Alternative Solutions To Common Waste Disposal Problems
Waste is a part of our culture, with each generating 1,700 pounds in the US alone. According to 2021 statistics, over 50 million tons of hazardous waste were thrown away globally.
And while business waste collection and removal may seem easy, there is more to it. It may involve collecting, transportation, recycling, treatment, and proper dumping. Unfortunately, the operation is not problem-free, and this article highlights some of the biggest problems facing waste disposal.
Instead of designing new effective technologies and waste recycling reduction programs, many waste disposal and management institutions continue to rely on old and inefficient methods.
Studies suggest that many countries and states are slow to adopt new and advancing technologies to manage their waste volumes. Several new technologies combine IoT data analytics with modern solutions to recognize waste problems. The options are many, from smart waste bins to waste level sensors, AI recycling robots, pneumatic waste pipes, and so on,
Enactment of laws and regulations
The lack of proper on-site waste management is a significant waste disposal challenge for most landfills. Unfortunately, waste disposal and management have become a profit-making venture where large organizations and hazardous waste cleanup services manage incinerators, landfills, and sewer systems. Hazardous waste removal companies ensure safety and sustainability while performing their tasks.
As a result, the focus has shifted from safety to profit-making, irrespective of the waste disposal needs. This contributes to ineffective waste disposal regulations since the organization collaborates with vested interest regulators.
It may be necessary for the appropriate authorities to enact new laws to mandate waste segregation to turn waste into wealth through recovery, recycling, and reuse.
Less waste generation
Too much waste generation is a problem in the United States. While the country ranks high among the top waste producers worldwide, with approximately 220 million tons of waste every year, most waste is organic. The best way to tackle this problem is to reduce how much waste an individual generates.
You may want to compost your food or garden waste instead of dumping them. If composting feels like too much work, there are recycling facilities that will be interested in your organic waste. This way, they won’t end up at a landfill. Businesses can also focus on producing reusable and recyclable products instead of one-time ones.
Research suggests that mixing different waste types is a common problem in several countries, and the US is no exception. Many times, waste isn’t sorted at all and is dumped in landfills.
It is vital to separate recyclable waste from non-recyclable ones. Separating organic waste from non-recyclable ones can help remove waste safely and efficiently for human, animal, and environmental health. This way, waste management professionals wouldn’t have to do so much sorting waste before disposal.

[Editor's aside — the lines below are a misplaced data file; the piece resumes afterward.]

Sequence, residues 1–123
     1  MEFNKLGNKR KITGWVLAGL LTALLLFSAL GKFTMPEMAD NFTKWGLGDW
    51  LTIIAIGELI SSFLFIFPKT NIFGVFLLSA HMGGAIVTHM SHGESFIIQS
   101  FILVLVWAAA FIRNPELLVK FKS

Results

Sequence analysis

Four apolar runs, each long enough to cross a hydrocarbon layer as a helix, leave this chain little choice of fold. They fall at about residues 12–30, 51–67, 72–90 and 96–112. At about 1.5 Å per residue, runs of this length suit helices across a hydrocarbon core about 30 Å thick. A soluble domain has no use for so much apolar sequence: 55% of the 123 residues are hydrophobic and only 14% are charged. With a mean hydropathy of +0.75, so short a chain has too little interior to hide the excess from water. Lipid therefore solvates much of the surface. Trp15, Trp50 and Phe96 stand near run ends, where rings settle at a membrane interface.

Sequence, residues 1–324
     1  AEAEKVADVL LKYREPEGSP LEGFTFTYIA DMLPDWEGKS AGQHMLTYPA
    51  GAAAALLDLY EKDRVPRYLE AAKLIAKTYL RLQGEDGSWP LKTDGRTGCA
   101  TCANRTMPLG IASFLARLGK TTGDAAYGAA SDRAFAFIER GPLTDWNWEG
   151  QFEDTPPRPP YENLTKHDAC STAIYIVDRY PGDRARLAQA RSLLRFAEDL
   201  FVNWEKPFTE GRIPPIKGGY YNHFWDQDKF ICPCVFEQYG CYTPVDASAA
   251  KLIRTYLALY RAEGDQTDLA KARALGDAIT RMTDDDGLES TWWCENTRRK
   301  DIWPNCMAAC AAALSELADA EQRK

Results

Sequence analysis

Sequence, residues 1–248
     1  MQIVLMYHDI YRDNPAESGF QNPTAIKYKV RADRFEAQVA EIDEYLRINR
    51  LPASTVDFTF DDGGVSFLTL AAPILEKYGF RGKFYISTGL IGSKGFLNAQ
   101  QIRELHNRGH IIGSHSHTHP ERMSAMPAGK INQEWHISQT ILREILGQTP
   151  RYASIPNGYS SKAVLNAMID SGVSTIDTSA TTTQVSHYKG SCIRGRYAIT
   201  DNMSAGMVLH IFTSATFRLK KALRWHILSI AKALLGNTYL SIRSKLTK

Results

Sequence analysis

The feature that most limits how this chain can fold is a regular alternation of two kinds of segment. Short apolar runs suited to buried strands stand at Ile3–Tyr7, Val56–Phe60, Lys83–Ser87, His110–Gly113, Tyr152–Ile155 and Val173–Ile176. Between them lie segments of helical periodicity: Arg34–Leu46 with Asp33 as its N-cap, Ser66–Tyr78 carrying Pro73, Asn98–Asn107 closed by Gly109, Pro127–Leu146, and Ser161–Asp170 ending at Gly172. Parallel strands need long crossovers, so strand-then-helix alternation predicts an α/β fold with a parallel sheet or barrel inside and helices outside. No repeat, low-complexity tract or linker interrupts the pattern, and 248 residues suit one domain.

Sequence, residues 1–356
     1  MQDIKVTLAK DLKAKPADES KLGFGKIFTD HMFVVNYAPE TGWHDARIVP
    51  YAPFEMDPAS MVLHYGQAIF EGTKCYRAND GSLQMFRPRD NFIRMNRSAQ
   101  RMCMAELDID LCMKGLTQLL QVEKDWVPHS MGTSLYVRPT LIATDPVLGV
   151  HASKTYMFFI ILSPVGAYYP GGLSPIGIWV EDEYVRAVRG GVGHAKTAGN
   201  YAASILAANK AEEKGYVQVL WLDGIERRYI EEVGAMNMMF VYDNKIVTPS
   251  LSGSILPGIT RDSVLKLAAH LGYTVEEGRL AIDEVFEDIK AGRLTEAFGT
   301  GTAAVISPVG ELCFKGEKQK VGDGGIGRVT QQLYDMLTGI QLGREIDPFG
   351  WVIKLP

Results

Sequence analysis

Leachate is produced when landfill waste is broken down and the water filters through to pick up toxins. This usually occurs when there is rainfall; groundwater enters the landfill, and it can also produce leachate.
Chemicals found in leachate may include methane, organic acids, carbon dioxide, aldehydes, etc. Fortunately, there are several new technologies for treating landfill leachate, so keep this in mind.
You can check out this article for some of the best approaches for leachate management:https://www.scsengineers.com/services/liquids-management/landfill-leachate-management/
Eliminate greenhouse gas
Yard waste, food scrap, and other organic materials are compact when put in a landfill. These material removes oxygen to cause the materials to break down anaerobically.
Unfortunately, the process produces methane which is more harmful than carbon dioxide. This type of greenhouse gas is highly flammable and hazardous in large quantities. Experts advise lining new landfills with a membrane to prevent the liquid-form methane from being released into the atmosphere.
While this may not be 100% proof, there are other treatment processes to prevent methane production you can consider, including tunnel composting and in-vessel composting.
Toxic waste prevention
Several materials that end up in landfills pose severe environmental risks which can last for many years. These materials usually expose groundwater and soil to harmful toxins.
For instance, computers, batteries, and televisions get thrown out at the landfill site. Unfortunately, they contain harmful substances like acids, lead, arsenic, and others released into the environment. This poses several risks to human health. Landfills need to be built with synthetic membranes to prevent mercury from seeping into the ground.
Aside from the financial impact of your waste, improper disposal can cause several health risks for current and future generations. It is therefore essential to identify the problems and apply the right solutions.